Mars Hill Church in Seattle has been a large-scale experiment to shape the future of the Evangelical Movement, for good or ill. In recent months the controversy surrounding the Mars Hill founder, Mark Driscoll, gained national attention. Driscoll’s version of radical conservatism wherein he advocates a return to more conservative and traditional faith (with a particular emphasis on gender and gender roles), has long drawn criticism from more mainstream Evangelical factions, but it endeared him to many young Evangelicals.
I always knew I was a feminist, despite my lack of knowledge in the movement and philosophy growing up. I did, however, have the religious support of my family and community to be an Evangelical Christian. I knew all the right words, mannerisms, and behaviors to represent myself as the proper Christian woman. I went on mission trips abroad, wore purity rings, attended sexual purity retreats and church camps, prayed fervently, spoke in tongues (glossolalia), contributed 10 percent of my meager earnings, and above all, fell in love with God.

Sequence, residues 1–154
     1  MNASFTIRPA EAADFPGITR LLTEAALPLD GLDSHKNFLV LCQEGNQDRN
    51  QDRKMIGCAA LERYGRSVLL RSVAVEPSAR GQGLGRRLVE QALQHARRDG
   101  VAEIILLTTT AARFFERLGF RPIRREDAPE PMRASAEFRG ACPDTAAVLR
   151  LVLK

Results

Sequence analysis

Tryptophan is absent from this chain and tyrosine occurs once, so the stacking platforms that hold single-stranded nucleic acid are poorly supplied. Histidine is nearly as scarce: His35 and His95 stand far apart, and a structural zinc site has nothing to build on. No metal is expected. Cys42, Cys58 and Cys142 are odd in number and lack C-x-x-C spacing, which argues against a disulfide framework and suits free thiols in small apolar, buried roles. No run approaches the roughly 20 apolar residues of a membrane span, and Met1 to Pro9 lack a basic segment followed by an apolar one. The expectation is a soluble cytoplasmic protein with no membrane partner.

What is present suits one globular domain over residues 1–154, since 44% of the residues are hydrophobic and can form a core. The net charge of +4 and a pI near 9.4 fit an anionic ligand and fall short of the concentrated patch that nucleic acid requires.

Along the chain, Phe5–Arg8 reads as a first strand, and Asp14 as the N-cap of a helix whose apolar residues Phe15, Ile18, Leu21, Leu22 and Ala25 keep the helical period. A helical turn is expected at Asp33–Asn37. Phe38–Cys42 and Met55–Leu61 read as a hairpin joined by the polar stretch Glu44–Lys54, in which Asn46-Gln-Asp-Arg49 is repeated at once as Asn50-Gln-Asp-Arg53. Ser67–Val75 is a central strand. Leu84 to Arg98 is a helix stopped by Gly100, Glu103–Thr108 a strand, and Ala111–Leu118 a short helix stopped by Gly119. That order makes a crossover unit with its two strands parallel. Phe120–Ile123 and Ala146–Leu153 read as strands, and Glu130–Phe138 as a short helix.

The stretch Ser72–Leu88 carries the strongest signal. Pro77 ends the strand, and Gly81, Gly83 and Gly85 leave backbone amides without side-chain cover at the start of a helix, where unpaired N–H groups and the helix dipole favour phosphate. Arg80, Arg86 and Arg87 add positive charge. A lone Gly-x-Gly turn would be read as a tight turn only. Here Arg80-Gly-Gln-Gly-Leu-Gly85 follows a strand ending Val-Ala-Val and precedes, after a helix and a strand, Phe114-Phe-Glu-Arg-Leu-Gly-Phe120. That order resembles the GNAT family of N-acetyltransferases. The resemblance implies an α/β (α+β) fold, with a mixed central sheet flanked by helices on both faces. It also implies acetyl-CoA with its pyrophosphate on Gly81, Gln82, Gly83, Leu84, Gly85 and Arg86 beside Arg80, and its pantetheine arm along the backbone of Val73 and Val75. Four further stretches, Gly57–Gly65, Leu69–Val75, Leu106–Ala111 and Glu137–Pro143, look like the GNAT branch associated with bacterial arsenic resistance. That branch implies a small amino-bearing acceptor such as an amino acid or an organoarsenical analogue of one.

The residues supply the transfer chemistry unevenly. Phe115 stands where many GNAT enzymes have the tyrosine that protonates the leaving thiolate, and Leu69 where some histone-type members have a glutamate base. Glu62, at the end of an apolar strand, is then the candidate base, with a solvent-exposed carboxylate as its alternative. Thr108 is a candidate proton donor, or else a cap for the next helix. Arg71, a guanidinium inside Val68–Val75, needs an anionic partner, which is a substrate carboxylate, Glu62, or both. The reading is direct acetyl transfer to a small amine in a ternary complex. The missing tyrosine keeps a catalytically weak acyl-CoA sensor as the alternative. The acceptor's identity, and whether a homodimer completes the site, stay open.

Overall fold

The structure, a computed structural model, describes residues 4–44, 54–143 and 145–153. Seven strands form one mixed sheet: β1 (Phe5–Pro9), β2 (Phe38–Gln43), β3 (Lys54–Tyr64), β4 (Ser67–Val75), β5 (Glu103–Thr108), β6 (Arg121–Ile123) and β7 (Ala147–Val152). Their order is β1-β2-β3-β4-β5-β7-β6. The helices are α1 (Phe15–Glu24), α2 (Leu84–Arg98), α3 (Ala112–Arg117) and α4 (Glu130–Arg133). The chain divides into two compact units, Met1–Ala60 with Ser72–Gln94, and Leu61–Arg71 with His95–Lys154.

As a first-generation college student, I was thirsty for knowledge and ready to take on the world. Some of my favorite courses during my undergraduate career included: “Psychology of Women,” “Women, Gender, and Ethnicity,” and “Psychology of Sexuality.” My coursework in gender, sexuality, and the social sciences compelled me to pursue graduate studies in gender, culture, and media at a university abroad. My studies in gender theory and feminist philosophy, and how it intersects with religion and social institutions ignited my spirit.
As a result, my relationship with god suffered. My newfound feminist beliefs were not solely to blame, however. Rather, a variety of reasons contributed to my detachment from god and the Evangelical church which I explain in my post, “Leaving Behind My First Love.” My new feminist identity was the main driver for questioning my relationship with god. Everything from the male-dominated language and rhetoric used in the church, to the discrimination and prohibition of female pastors, to the stringent gender roles expected of congregants. Continue reading “From Evangelical Christianity to Feminist Evangelism by Andreea Nica”